Boston Beckons 12 August 2016

How Words Heal

I am delighted to be invited back to speak at the annual National Guild of Hypnotists (NGH) conference in Boston again this year. Each year thousands of delegates from all around the world attend this major conference to update their knowledge base and share information.  Two years ago I presented the findings and insight gained from my research in the area of migraines and hypnosis. This year I am looking at how words affect our physiology and the capacity of words to heal pain. This includes an overview of  the neurobiological mechanisms of placebo and the neural mechanisms corresponding to hypnotic states.

With the relatively recent advent of neuroimaging we are gaining a greater insight in to how words affect our brain, our emotions and our responses to various situations. In the past twenty years the advent of MRI, PET and EEG have enlightened us on the changes in activity in the brain. While no one neural signature of the hypnotic state has ever been identified this is likely to remain the case because we now recognise that different suggestions delivered in the hypnotic state will have a selective impact on various parts of the brain. The imaging techniques have enabled us to understand that in the hypnotic state with hypnotic suggestions there are increases in regional cerebral blood flow (rCBF) in the frontal cortices, in particular the left frontal cortex and increases in delta activity which are indicative of an alteration in consciousness which can facilitate visual imagery and a reduction in arousal (Rainville, Hofbauer, Paus, Duncan, Bushnell & Price, 1999). Hypnosis related decreases in rCBF in the same study were identified in the right inferior parietal lobule, the left precuneus and the posterior cingulate gyrus. As well as an overview of how words impact the brain in the hypnotic state the ensuing impact on perception and behaviour will be explored during the talk.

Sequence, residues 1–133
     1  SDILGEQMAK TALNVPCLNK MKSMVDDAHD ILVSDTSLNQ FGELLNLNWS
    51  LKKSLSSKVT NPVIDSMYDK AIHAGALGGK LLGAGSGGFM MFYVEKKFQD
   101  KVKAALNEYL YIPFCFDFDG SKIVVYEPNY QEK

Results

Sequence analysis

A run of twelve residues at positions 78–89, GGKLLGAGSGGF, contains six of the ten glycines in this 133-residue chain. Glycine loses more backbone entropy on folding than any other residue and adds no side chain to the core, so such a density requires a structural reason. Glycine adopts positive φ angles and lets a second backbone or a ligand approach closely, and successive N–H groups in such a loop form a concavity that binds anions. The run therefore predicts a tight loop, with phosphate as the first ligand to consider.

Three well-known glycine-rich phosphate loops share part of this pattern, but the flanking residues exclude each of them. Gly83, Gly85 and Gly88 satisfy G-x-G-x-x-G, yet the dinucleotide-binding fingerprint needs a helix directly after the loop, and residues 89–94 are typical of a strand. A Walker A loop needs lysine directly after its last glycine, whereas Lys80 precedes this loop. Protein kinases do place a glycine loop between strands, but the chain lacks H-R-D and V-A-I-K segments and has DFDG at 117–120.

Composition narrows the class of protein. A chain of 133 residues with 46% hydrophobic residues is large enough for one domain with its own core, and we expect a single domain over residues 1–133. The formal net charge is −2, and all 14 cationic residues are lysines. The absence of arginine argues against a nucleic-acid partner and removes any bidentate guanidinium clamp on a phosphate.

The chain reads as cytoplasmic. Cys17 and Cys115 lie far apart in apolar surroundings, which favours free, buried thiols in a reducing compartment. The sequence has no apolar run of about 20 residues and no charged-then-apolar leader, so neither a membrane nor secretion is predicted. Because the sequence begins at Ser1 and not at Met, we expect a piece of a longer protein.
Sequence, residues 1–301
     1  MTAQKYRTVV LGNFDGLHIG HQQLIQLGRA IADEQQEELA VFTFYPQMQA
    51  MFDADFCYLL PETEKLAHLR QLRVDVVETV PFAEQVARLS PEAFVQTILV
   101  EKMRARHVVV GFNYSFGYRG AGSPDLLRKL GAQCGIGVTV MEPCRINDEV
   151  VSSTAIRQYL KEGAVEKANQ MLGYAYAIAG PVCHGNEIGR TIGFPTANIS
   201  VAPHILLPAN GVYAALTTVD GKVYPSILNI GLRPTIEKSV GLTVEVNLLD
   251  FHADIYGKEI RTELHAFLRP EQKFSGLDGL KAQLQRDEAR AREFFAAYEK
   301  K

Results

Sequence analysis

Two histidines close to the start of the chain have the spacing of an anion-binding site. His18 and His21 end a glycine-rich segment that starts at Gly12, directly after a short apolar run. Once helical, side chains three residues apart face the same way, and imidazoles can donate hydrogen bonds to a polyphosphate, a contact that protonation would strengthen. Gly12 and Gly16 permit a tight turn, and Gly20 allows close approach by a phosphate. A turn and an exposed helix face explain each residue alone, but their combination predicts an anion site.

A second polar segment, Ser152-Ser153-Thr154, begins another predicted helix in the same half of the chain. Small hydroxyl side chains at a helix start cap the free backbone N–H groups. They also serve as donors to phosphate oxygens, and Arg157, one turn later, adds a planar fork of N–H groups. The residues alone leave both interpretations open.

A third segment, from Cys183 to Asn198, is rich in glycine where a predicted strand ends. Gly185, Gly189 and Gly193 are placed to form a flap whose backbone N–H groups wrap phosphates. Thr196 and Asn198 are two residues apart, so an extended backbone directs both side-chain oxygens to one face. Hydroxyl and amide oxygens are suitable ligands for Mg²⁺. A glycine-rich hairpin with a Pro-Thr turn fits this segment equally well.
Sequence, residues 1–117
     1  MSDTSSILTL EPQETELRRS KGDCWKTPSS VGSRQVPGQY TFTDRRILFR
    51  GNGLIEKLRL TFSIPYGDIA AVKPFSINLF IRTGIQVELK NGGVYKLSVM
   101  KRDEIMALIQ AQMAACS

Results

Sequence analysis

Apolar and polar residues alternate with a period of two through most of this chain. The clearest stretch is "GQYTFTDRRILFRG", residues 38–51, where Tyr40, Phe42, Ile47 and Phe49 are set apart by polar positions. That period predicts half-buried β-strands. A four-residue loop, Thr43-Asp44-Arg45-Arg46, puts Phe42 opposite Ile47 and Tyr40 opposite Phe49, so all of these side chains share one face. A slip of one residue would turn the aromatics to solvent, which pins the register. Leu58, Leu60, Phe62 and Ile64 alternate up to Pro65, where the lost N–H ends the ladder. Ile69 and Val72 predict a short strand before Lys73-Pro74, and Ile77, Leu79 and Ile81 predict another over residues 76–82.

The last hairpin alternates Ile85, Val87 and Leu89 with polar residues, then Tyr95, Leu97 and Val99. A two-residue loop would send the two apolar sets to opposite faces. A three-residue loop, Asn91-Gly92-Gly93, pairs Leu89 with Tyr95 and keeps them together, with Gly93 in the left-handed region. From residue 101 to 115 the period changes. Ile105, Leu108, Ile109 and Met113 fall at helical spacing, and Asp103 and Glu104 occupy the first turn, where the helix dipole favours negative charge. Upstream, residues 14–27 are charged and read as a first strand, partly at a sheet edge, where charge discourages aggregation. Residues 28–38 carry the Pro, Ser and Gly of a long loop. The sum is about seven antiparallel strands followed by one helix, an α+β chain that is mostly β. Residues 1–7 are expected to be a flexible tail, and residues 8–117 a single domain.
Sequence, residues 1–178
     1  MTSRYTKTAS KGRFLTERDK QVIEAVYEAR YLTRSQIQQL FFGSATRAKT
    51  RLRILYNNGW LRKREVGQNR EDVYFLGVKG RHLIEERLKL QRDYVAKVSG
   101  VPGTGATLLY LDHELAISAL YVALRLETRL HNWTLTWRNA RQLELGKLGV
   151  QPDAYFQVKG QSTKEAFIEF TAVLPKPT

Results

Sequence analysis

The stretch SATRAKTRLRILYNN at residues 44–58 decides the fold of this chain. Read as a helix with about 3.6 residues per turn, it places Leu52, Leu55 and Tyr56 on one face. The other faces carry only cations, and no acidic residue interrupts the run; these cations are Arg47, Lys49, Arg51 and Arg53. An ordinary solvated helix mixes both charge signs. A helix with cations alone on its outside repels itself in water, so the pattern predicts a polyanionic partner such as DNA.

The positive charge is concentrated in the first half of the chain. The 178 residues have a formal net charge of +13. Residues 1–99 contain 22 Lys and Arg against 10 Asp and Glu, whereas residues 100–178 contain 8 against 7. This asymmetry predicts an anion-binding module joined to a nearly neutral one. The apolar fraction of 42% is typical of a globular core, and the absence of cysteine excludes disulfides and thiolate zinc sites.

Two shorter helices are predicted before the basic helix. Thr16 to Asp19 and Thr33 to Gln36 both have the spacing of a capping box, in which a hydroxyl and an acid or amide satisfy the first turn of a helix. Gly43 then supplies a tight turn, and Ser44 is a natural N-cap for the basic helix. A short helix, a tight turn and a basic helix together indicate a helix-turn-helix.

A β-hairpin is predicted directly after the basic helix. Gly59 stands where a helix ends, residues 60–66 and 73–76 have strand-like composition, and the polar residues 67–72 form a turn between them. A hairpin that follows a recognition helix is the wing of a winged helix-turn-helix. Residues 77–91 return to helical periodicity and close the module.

I have had the great privilege of working in a hospital environment for the past ten years and while explaining hypnosis to the medical community has had it’s challenges, it has been a worthwhile journey. This journey began with many progressive consultants interested in learning more about hypnosis, attending talks organised at the hospital and referring patients as a result. To conclude the talk I will be discussing how to maximise the effect of hypnosis sessions for clients and of course there will be time for a questions and answers section at the end.

For anyone who would like to attend the talk the registration number is 11098 and it is on Friday August 12th 2016 at 9am. The title of the talk is ‘How Words Heal’.

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